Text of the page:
MARINET makes submission to EU Fisheries Reform public consultation

The EU has commenced a process which will lead to reform of the Common Fisheries Policy (CFP). Up until now, the CFP has been determined by the Council of Ministers, with MEPs and the Parliament having no say in the matter. However, following the passing of the Lisbon Treaty, the European Parliament is now a party in constitutional terms to the formulation of the Common Fisheries Policy. This means there there is now a wider democratic input, and the new Common Fisheries Policy will have to reflect the wishes of the European Parliament.

The first stage in the current reform process has involved the issuing of a Green Paper (pdf file) by the EU Commission related to a public consultation which expired on 31st December 2009. The submissions made by organisations and the public to the Commission under this public consultation may be viewed at http://ec.europa.eu/fisheries/reform. A wider set of background papers relating to the CFP have been placed by the European Commission on a website titled: CFP A User’s Guide.

MARINET takes the view that the reform of the CFP will not make progress, or come to a satisfactory outcome, until it accepts, firstly, the primacy of law over policy, and secondly that policy must be determined by a full and informed implementation of the ecosytem-based approach to marine management.

In the case of the primacy of law over policy, this means that the reformed CFP must accept and have incorporated within it the principles of the EU’s Marine Strategy Framework Directive (pdf file) and the requirements of Council Regulation (EC) 2371/2002 (pdf file) on the conservation and sustainable exploitation of fisheries resources under the Common Fisheries Policy.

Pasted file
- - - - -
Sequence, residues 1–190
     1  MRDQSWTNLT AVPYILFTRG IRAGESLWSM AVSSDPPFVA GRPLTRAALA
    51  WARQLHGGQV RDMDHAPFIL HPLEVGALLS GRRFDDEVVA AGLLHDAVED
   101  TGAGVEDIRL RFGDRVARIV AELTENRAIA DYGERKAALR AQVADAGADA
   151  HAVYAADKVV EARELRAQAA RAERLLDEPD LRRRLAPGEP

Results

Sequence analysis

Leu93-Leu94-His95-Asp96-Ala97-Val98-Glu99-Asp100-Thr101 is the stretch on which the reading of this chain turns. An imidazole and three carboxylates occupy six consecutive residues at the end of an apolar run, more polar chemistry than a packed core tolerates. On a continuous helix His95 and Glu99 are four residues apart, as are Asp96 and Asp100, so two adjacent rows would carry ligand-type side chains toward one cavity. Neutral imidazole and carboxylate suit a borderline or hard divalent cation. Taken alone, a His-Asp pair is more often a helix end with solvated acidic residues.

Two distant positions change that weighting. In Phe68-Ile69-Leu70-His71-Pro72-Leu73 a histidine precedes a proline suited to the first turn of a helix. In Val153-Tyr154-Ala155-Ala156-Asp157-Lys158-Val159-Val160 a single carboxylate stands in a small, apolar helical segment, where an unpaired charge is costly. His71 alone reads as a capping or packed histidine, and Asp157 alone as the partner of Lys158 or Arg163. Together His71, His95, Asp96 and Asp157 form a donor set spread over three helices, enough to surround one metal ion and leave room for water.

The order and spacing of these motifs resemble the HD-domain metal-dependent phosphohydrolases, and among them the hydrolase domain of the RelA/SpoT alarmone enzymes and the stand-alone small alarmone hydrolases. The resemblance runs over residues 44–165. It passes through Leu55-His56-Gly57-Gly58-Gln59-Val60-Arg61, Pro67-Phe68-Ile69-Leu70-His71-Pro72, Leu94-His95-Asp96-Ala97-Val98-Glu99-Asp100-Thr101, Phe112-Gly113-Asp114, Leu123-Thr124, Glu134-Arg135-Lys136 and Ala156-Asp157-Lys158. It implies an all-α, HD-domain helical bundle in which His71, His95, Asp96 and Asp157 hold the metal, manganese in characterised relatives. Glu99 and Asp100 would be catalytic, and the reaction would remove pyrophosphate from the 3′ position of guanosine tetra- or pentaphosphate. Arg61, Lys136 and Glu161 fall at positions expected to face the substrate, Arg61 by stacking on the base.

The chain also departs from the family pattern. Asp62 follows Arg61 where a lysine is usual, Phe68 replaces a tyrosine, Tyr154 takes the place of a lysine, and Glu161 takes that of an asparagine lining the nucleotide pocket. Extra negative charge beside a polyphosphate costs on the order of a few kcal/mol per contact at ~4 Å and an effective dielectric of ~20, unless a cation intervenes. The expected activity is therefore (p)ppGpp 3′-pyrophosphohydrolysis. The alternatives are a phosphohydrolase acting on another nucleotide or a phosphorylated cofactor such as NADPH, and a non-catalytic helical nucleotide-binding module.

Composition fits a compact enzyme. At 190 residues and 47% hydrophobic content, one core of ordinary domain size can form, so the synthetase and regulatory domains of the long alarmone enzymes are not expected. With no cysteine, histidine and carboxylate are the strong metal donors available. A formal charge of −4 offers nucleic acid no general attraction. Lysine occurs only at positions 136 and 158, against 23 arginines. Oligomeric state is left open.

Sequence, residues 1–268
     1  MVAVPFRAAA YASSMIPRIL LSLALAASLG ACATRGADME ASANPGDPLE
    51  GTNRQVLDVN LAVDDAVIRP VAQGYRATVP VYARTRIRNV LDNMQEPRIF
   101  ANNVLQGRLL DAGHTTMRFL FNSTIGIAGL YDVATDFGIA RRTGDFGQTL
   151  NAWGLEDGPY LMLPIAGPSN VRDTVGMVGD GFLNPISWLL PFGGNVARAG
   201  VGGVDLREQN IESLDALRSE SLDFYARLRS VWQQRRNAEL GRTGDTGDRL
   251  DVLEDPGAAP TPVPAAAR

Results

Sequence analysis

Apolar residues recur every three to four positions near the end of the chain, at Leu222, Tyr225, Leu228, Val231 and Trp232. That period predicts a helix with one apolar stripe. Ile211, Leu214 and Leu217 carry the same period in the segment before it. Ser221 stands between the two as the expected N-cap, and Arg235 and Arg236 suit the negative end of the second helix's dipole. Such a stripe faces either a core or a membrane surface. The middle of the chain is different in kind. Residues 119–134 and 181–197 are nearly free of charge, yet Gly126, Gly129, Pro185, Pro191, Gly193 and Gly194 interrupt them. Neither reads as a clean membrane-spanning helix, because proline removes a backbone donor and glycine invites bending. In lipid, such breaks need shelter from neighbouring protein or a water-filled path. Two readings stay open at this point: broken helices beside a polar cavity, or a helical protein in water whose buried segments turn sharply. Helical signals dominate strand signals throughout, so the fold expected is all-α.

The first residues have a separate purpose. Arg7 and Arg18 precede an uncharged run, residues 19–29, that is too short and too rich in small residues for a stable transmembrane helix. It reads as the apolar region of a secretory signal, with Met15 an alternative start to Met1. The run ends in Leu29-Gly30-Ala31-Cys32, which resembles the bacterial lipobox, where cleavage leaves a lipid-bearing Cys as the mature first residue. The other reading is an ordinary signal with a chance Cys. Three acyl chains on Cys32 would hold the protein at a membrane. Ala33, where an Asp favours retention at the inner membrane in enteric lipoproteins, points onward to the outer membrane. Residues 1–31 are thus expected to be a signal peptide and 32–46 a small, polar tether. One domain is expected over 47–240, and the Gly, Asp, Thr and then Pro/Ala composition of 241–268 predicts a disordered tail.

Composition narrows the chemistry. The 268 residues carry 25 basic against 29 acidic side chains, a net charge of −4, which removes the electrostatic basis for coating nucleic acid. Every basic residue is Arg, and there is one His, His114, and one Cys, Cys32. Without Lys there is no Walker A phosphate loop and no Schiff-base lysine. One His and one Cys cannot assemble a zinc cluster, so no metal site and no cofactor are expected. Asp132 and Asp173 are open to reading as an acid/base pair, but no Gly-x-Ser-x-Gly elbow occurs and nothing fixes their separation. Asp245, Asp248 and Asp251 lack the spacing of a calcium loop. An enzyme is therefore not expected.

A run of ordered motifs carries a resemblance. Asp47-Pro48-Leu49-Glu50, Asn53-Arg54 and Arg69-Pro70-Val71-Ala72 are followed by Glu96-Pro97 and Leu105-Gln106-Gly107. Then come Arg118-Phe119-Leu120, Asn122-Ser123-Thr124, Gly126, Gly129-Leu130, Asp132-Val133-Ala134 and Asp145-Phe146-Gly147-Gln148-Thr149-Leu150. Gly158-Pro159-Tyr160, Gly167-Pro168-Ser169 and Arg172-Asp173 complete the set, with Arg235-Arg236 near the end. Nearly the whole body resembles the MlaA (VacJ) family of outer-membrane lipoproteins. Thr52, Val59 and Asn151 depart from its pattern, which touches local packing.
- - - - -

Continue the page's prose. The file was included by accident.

In the case of policy, the reformed CFP must fully implement the ecosystem-based approach (pdf file) to marine management, and ensure that the CFP applies both the principles of ecosytem integrity and a full range of management tools which together constitute the ecosytem-based approach to the rebuilding of commercial fish stocks to former, historical levels. Of particular note in this regard is the Communication of the European Commission, COM (2008) 187 final (pd file)on the role of the Common Fisheries Policy in implementing the ecosystem approachecosystem approach An ecosystem-based approach to management represents a new and more strategic way of thinking. It puts the emphasis on a management regime that maintains the health of ecosystems alongside appropriate human use of the marine environment, for the benefit of current and future generations. This requires setting clear environmental objectives both at the general and specific level, basing management of the marine environment on the principles of sustainable development, conservation of biodiversity, robust science, the precautionary principle and stakeholder involvement. Ref, DEFRA, Safeguarding Our Seas, section 1.17 (2002) to marine management.

MARINET’s submission to the European Commission has spelt out the issues very clearly, and has expressed concern that at present the Green Paper on CFP Reform appears neither to recognise fully the primacy of law over policy, nor the essential need for the reformed CFP to be firmly grounded in the ecosystem-based approach. Until both of these matters are fully incorporated into the CFP, any attempt at reform will fail and the serious decline in European commercial fish stocks (over 80% of commercial fish stocks are being overfished beyond their maximum sustainable yield, and 30% of these stocks are beyond their safe biological limit and thus in danger of permanent, irreversible collapse) will, disturbingly, remain unaddressed.

 


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